“Given the catastrophic and devolving humanitarian situation in Gaza, we urge you to enforce the Humanitarian Aid Corridor Act,” they said.

Instead of listening, Biden authorized the transfer of billions of dollars in bombs and fighter jets to Israel a few days later.

The arms approved on March 29, 2024, included 1,800 MK84 2,000-pound bombs and 500 MK82 500-pound bombs, State and Defense Department officials told the Washington Post newspaper.

Soon after, Biden was forced to cancel the annual Ramadan Iftar dinner at the White House after Muslim leaders declined his invitation due to his unwavering support for Israel’s war on Gaza. The cancellation was a first after more than 20 years of U.S. presidents hosting iftar dinners with hundreds in attendance and press coverage.

“The American Muslim community said very early on that it would be completely unacceptable for us to break bread with the very same White House that is enabling the Israeli government to starve and slaughter the Palestinian people in Gaza,” said Edward Ahmed Mitchell, the deputy director of the Council on American-Islamic Relations.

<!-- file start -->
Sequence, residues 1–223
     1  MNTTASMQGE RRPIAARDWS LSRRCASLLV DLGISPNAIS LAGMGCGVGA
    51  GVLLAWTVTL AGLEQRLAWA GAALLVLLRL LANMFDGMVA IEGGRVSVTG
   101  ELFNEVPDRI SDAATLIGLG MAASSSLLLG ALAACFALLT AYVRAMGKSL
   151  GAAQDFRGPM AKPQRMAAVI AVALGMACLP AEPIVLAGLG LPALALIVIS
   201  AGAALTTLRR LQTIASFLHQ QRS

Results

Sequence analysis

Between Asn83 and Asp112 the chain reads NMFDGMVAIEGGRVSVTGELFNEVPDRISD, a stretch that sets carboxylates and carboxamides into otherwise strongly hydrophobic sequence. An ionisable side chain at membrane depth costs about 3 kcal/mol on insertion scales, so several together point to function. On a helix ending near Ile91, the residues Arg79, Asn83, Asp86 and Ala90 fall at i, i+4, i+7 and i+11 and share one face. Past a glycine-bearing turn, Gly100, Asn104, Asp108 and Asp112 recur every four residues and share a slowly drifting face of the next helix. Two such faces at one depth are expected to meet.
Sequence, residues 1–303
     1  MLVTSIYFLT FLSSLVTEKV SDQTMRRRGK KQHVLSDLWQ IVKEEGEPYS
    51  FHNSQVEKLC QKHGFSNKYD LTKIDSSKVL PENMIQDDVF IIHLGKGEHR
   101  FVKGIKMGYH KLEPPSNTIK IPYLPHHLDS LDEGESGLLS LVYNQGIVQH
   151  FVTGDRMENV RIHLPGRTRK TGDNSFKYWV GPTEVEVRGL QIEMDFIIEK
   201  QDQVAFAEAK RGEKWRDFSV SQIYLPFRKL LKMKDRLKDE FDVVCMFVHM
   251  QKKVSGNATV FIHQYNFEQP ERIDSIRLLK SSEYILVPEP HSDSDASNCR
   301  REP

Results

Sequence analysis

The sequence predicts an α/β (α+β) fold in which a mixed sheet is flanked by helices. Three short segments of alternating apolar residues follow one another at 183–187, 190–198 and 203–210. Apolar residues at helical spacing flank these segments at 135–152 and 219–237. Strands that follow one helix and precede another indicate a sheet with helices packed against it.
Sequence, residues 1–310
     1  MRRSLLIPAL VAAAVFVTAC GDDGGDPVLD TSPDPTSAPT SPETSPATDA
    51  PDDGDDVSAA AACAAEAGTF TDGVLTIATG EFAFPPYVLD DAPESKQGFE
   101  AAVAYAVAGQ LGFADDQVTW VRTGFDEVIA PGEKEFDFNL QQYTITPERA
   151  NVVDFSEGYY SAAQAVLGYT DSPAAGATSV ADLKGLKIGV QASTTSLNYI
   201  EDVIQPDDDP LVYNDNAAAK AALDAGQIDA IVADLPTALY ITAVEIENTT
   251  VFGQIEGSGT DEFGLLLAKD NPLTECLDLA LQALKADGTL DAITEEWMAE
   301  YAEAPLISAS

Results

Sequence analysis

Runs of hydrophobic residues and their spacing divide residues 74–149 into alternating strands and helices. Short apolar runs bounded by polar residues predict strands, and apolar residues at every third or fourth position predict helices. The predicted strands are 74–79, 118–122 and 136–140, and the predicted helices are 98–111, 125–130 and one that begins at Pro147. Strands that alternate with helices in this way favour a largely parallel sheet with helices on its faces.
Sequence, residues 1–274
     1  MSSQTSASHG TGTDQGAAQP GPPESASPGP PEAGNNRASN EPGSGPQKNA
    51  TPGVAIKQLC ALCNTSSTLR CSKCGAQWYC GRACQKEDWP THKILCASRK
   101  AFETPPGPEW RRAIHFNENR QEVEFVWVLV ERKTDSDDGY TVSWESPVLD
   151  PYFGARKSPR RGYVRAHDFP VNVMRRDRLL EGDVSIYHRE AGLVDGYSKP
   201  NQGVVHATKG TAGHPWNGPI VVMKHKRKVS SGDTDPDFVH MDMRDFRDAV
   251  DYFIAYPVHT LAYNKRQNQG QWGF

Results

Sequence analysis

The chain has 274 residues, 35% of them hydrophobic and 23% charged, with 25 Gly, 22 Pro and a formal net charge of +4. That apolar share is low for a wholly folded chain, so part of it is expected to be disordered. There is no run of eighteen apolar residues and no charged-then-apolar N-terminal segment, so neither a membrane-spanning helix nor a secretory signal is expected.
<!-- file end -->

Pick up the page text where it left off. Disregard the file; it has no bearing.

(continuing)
The White House decided to prepare an iftar meal for Muslim staffers only and hold a separate meeting with a few Muslim American community leaders.

The meeting, which was held on April 2, lasted for more than an hour. Biden, Vice President Kamala Harris, and Jake Sullivan, the national security adviser, and other senior officials were present.

Palestinian American doctor, Thaer Ahmad, who had recently treated patients in Gaza spoke first to Biden and then walked out of the meeting about six minutes later, according to an interview with the New York Times. 

Ahmad told Biden that Israel’s imminent ground invasion of Rafah would be a “blood bath and a massacre.” He also gave him a letter from an 8-year-old girl in Gaza who lost her entire family.

After sharing what he witnessed, Ahmad left the meeting as the only Palestinian American at the table.